To view the psyche from a psychodynamic perspective, is to consider an array of possibilities beyond the scope of a one-dimensional reductionistic model like RET. It is to see that, yes, as the Stoic says, emotions may be viewed as weather passing through the sky. It is also to see that when it comes to deep-seated conflicts, emotions, unlike the weather, do not simply pass away. Nor do they always come from without. A century of psychoanalytic and psychodynamic research has shown that core emotions are profoundly internalized, and recently Jaak Panksapp, the great neurobiologist, in his magnum opus, The Archeology of Mind has offered decades of animal studies all attesting to the biological rootedness of our primal emotional systems.
What does this mean? It means that there is never one way, one absolute, one answer to any of life’s persistent conundrums. It means, that — as I repeatedly showed in my book, The Myth of Self Help — there is no such thing as a surefire technique of intimacy.
In his book, Oliver Burkeman, in his own way struggles with these issues. He comes across as an earnest, obviously intelligent, investigative journalist. He is unimpressed with the simplistic, formulaic methods of positive thinking. He is at his best when it comes to exposing the lack of critical thinking in the mental health profession. He notes for example that added income correlates only moderately with improved mental health; that happiness is not as dependent on security and professional achievement as people think. He visits a poverty-stricken section in Tijuana, one of the poorest regions in the world, and is amazed at the seemingly “lack of depression”. Residents, he finds, are “in fact industrious and entrepreneurial,” cheerfully referring all unsolved problems to “mañana” (tomorrow).
Burkeman does more than interview a variety of leading mental health gurus or simply sample their wares. To realize the method behind the madness, he offers himself as a guinea pig. When Albert Ellis challenges him with a particularly loathsome exercise in “shame-attacking”, Burkeman rises to the occasion. In order to understand our ambivalent attitude to our mortality, he attends the famous annual celebration in Mexico known as the Day of the Dead, (“when Mexicans toast those who have died… and conduct all-night vigils at the graves of deceased relatives…”)
Burkeman accepts the underlying assumption of “happiness” studies, — that people are normal, rational actors who are trying to maximize the benefit of their lives. Not surprisingly, mental illness, irrational behavior and intractable psychic conflicts are not mentioned. To his credit, Burkeman recognizes the necessity of recognizing that “failure is everywhere”; that it is important to cultivate “negative capability” — the ability to tolerate uncertainties and doubt without striving for premature and essentially unattainable “perfectionism”; that becoming obsessed with one’s goals can be a trap, a way of not facing yourself.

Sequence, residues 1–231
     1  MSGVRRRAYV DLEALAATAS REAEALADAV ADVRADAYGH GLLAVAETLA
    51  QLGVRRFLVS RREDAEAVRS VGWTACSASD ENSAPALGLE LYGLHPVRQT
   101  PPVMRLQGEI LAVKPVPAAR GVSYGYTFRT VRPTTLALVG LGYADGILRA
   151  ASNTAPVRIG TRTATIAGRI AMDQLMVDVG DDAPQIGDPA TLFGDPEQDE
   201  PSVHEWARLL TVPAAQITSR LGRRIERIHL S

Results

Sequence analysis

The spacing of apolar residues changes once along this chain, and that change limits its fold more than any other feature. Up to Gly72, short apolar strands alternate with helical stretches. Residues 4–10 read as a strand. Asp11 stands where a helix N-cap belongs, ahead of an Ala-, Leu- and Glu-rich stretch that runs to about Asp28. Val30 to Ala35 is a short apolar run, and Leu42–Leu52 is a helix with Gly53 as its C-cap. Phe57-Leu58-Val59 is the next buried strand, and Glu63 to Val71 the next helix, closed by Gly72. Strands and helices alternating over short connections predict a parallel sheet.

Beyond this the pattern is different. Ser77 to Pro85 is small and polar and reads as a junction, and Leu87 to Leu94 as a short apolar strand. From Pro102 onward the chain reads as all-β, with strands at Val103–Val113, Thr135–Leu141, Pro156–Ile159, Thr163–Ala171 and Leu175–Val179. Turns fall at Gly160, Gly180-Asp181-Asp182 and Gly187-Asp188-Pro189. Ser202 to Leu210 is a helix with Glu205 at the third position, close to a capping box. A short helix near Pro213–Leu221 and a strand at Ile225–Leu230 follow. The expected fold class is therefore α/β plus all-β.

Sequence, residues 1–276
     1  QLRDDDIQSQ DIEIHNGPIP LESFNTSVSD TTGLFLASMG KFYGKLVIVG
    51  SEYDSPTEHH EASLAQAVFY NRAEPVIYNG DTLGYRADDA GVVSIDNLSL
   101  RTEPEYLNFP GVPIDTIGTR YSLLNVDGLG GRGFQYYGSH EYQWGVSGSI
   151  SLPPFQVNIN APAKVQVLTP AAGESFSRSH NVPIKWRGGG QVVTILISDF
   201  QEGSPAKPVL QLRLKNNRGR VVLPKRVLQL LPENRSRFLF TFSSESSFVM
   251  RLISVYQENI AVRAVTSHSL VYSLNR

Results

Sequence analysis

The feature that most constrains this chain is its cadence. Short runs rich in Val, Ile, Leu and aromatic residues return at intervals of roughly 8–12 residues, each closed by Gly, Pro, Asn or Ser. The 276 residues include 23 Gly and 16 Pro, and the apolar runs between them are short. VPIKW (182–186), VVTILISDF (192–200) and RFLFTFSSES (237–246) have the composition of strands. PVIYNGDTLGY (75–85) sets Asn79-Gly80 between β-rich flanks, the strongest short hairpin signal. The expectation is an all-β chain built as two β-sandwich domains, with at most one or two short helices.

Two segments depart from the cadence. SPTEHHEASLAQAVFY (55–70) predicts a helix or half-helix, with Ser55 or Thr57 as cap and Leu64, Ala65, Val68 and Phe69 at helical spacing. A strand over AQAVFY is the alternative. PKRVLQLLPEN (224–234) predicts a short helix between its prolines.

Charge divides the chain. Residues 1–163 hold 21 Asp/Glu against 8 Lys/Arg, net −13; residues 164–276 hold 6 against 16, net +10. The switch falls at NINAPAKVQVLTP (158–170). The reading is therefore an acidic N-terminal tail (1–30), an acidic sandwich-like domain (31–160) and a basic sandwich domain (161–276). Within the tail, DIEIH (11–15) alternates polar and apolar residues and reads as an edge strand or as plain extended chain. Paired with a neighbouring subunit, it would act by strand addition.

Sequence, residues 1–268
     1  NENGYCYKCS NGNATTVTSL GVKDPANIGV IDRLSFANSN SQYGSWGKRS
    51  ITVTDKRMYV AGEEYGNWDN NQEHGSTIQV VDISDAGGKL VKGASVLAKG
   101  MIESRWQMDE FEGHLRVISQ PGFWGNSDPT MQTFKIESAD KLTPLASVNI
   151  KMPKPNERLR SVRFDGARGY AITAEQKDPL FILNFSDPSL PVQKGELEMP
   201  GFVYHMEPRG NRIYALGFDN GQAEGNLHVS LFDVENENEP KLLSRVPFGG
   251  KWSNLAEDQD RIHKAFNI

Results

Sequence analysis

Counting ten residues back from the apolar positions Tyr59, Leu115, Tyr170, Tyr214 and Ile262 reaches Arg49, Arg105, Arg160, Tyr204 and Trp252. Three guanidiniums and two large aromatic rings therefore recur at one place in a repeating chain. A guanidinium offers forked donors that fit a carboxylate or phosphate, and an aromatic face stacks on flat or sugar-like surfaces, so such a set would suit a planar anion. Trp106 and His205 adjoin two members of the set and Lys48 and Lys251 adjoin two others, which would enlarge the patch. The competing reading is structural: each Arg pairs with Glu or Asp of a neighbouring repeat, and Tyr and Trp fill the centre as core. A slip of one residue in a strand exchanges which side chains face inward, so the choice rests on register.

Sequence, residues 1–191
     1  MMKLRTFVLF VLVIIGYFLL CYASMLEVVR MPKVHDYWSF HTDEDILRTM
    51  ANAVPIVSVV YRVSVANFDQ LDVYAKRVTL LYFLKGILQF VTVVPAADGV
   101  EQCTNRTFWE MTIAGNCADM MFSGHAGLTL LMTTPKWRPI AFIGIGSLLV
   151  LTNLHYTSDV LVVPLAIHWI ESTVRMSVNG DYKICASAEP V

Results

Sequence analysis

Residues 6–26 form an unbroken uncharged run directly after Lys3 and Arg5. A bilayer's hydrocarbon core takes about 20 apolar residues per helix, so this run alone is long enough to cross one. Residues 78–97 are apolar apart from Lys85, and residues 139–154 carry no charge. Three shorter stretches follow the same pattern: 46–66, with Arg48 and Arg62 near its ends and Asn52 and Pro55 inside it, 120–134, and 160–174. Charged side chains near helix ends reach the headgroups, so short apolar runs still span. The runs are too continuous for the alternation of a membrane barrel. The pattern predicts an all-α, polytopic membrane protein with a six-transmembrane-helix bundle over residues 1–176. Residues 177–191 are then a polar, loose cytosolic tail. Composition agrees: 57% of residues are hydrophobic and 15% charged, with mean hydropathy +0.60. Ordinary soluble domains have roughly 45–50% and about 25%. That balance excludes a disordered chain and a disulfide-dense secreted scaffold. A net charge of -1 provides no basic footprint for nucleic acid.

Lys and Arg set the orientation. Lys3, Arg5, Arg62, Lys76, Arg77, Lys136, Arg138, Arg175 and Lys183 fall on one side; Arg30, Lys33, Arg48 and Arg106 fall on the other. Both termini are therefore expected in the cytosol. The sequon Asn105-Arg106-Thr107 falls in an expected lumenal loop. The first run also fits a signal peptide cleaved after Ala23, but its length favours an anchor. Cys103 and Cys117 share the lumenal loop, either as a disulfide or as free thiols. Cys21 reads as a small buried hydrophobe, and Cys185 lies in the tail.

To more fully experience the promise of sustained meditation, Burkeman enters a forest retreat for nearly a week. He is asked to take a vow of silence upon arrival. He is to explore his mind instead; to note each passing thought; to resist the impulse to react; to realize that the obvious is not obvious; to become engaged with what he experiences; to search for what he enjoys and to avoid what displeases him. Above all, he is to refrain from judgment. He is to become a wayfarer in the byways of his own mind; a simple chronicler of thoughts. He is to be present in the now. He is to learn firsthand what it means not to judge; not to love; not to hate; not to reject; not to choose. He is to appreciate the space between thoughts and the distance between ideas and the sense of self.
It seems suffocating and unnatural. He can not understand why anyone would want to live this way. He doubts he will be able to maintain his vow of silence. Is there a payoff to this? He notes that the first thing that happens is that nothing happens. But Burkeman is nothing if not determined. He will wait for aha moments even if they do not come. And change does come. He finds after just a few days that he longer feels oppressed by the mere presence of others. No longer does he feel isolated from his own thoughts. No longer does he feel puzzled by the apparent meaning or meaninglessness of his own stream of consciousness. No longer does he feel the need to understand and to somehow master his experience. No longer does he feel divided from the world around him. In place of separation there is instead a growing sense of oneness. He is part of something, something far bigger and grander than anything he has ever known and far more profound than anything he has ever imagined.